Some albums, indeed, sound as if they had been hocked before they were hawked. But hang on, and you may be able to hock them again when they are great and valuable rarities.

Oh yes: New York is The City. Everywhere else is just another one-horse cow town out in the alfalfa belt.

If Baltimore is the guy at the bar with a great story about how he lost his little finger, Albany, NY is a dairy farmer who thinks he's sophisticated because he owns a necktie and is taking classes to be a notary public.

if Philadelphia was the blue-collar union member yelling slurs at the visiting NFL team, San Francisco is the uppity vegan taking you aside at Whole Foods to explain why your choice of oat bran crackers is supporting the packaged food industrial complex.

If Ball'mer is the blowsy broad with a million stories, then Louisville is the floral-chapeau'd debutante wearing a julep on her dress, while blowing daddy's money on a Derby longshot at Churchill Downs....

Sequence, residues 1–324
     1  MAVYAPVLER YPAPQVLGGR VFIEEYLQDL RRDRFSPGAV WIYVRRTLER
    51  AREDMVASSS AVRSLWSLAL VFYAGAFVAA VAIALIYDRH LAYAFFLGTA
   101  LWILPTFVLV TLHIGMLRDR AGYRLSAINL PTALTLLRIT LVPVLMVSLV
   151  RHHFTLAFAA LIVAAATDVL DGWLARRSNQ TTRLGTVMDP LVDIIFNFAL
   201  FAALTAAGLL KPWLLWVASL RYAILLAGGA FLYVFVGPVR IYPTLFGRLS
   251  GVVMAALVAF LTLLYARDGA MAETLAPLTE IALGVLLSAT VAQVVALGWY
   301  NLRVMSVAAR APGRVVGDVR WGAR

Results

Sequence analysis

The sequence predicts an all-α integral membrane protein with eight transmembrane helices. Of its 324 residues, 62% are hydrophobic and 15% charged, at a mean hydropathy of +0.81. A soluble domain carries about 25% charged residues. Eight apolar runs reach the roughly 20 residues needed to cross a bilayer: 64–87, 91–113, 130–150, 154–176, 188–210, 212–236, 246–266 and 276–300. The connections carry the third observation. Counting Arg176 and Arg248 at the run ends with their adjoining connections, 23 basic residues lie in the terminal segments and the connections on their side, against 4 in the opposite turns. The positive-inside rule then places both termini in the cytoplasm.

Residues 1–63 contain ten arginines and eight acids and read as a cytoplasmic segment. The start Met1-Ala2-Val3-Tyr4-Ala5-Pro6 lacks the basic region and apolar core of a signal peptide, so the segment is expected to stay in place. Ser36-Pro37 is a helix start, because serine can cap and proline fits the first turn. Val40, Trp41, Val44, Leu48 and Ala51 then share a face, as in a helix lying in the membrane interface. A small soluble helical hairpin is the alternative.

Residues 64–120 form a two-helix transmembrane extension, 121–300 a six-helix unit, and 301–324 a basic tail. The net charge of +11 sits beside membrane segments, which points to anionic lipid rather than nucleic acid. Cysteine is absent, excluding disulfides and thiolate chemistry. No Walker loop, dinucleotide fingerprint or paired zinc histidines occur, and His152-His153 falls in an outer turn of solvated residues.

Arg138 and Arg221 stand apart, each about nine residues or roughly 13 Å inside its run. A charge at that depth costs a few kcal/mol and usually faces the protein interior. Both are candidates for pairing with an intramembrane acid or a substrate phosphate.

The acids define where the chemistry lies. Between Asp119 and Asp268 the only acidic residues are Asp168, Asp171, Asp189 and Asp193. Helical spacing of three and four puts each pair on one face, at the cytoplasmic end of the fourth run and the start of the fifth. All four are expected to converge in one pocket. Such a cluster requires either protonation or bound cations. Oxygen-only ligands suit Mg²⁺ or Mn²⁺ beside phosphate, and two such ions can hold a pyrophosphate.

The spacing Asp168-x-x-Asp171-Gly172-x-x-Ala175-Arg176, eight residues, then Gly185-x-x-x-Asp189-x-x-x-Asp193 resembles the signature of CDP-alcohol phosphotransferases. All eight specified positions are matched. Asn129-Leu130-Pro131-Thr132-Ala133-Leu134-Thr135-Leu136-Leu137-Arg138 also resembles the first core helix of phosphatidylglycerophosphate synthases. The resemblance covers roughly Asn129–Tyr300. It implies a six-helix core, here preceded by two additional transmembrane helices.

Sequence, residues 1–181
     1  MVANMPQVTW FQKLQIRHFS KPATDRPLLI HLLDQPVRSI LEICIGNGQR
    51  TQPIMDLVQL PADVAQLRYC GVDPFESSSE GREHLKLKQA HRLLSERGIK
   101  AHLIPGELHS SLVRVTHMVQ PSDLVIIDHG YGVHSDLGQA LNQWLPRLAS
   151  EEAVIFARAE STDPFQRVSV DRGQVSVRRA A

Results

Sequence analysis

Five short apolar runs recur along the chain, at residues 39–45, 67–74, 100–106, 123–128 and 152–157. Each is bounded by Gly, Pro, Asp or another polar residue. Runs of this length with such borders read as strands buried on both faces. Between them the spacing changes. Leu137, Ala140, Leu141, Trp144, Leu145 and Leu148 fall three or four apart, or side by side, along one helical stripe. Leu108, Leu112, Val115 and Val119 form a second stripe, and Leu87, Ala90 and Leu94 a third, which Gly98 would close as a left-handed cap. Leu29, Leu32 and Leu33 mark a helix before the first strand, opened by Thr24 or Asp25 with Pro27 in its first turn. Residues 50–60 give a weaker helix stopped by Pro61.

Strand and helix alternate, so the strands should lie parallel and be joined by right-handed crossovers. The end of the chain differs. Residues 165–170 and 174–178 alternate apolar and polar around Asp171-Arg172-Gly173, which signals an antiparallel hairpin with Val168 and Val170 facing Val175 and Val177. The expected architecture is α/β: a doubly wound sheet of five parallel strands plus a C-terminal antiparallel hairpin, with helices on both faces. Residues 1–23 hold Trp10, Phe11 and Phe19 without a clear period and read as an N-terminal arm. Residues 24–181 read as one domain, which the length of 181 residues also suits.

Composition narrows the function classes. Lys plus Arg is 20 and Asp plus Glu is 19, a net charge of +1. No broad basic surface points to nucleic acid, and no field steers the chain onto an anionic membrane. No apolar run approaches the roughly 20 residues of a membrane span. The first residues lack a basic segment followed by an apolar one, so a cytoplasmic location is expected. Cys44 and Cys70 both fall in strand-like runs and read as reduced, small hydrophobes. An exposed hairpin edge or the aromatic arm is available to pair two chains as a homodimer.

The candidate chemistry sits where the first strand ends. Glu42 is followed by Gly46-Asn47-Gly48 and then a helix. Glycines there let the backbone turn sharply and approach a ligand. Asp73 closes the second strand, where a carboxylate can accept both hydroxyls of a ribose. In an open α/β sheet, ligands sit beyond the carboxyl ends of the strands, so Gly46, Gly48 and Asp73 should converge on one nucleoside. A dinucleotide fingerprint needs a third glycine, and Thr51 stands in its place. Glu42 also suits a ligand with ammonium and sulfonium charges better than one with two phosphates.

If Ball'mer is the blowsy broad with a million stories, then Louisville is the floral-chapeau'd debutante, escorted by a drunken frat boy of questionable family provenance but enormous means, wearing a julep on her dress, and blowing daddy's money on a Derby longshot at Churchill Downs....

If Balltimore is the blowsy broad with a million stories, then DC is the button-ed up brunette quietly sipping a chardonnay and keeping a million secrets.

If my birthplace Los Angeles is the sprawling mess of freeways choked with fast cars flying past palm trees, Baltimore is where every turn brings you closer to home, Hon.

I never was a good California gurrl.

If Baltimore is the blowsy broad with a million stories, Saracuse (yes, folks, that's the local pronunciation of Syracuse) is the laid-off factory worker who's too busy grousing about how her job moved to China to pick up the 5-cent deposit beer can she just flung on the curb.

The only time I've heard it pronounced "Saracuse" is by newcomers, never natives. And enough, please, of the New York City arrogance. No wonder most of the country detests New Yorkers.

Dunno about that, Pat. I've heard "Saracuse" from TV reporters and locals alike. We may need to do a bit of field anthropology in some East Saracuse bars to settle the question.